In India, as elephants lose their forest habitats they are increasingly coming face to face with humans. Each year, around 100 elephants are killed by human-related activity in India -- some from being run over by trains, others in retaliation for damage to crops and property. Scroll through the gallery to see more examples of human-wildlife conflict.
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One of the last strongholds of the Bengal tiger is a huge mangrove forest called the Sundarbans, which crosses India and Bangladesh. As rising sea levels shrink their habitat, Bengal tigers are venturing closer to human settlements. According to a 2013 study, at least three tigers and 20-30 humans are killed each year as a result of human-tiger conflict. Conservation groups in the area have introduced a tiger telephone hotline and other measures to help prevent attacks.
Threatened grizzly bear populations on the US-Canada border have a long history of conflict with humans. Researchers have managed to reduce the problem by educating the public about bears, providing homes with bear-resistant garbage bins, and patrolling bear habitat in areas where they have important food sources, to reduce the need for them to go into towns to feed.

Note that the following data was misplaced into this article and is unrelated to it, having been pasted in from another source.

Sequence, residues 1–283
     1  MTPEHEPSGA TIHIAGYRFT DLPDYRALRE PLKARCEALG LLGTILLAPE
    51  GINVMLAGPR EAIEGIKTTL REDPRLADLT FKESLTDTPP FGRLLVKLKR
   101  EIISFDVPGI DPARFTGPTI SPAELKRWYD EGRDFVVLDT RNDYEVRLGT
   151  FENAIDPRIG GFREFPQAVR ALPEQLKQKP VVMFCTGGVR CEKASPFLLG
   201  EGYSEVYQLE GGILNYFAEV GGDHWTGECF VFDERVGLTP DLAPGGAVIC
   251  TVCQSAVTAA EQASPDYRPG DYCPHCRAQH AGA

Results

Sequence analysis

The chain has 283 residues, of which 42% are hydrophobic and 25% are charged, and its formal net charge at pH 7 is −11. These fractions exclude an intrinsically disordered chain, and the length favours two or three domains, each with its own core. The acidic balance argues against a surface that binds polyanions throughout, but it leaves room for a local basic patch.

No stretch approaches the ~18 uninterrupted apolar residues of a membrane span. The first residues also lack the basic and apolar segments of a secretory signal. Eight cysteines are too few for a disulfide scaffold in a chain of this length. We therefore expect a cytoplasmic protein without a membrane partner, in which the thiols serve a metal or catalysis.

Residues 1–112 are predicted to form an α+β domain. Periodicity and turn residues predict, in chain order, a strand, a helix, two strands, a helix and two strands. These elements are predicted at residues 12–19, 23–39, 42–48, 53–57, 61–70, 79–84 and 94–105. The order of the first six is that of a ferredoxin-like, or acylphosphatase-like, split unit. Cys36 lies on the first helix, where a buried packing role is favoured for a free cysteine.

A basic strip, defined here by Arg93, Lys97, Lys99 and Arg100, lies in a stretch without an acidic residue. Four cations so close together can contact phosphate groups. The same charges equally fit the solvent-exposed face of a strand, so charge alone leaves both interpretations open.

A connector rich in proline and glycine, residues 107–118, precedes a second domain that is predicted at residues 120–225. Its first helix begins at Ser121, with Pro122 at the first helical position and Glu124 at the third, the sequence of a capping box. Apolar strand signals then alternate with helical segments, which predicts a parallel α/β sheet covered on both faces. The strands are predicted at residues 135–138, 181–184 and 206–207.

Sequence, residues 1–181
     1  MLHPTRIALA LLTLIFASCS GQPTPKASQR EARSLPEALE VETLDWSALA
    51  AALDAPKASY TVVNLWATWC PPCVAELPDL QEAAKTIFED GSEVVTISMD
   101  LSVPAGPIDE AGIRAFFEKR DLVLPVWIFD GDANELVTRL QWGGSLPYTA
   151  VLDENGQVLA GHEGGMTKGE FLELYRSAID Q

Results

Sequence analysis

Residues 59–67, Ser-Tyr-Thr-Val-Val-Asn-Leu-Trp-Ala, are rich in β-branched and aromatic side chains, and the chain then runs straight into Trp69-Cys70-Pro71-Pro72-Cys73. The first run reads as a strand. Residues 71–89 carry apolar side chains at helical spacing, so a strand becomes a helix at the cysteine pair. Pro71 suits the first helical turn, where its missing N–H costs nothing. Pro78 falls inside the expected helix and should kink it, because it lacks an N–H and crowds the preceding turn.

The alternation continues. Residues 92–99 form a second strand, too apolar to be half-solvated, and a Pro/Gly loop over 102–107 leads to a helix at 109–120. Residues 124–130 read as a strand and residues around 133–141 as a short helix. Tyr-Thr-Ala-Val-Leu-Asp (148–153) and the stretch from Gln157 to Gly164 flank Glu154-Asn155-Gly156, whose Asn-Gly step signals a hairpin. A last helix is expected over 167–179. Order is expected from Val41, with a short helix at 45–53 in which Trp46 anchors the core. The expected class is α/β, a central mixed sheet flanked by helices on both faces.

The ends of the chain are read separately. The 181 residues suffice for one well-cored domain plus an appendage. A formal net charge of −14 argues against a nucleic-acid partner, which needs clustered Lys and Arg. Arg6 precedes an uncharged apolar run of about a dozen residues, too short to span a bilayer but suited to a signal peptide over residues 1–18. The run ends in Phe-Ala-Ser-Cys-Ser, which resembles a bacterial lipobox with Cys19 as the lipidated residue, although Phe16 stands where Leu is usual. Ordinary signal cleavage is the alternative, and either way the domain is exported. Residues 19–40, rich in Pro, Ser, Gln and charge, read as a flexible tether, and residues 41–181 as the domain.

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In the US, mountain lions are increasingly coming in contact with humans. In an effort to understand the causes, a 2020 study found that trophy hunting, which is legal in most western states, is making the problem worse. This is partly because if a mature male is killed, it leaves behind younger cats that have not yet learned how to hunt proficiently and sometimes mistake humans for food.
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In Chobe, in northern Botswana, the encroachment of people in and around wildlife pathways drives human-wildlife conflict. Research has shown that creating urban wildlife corridors make it easier for elephants to pass through towns without causing harm to local communities.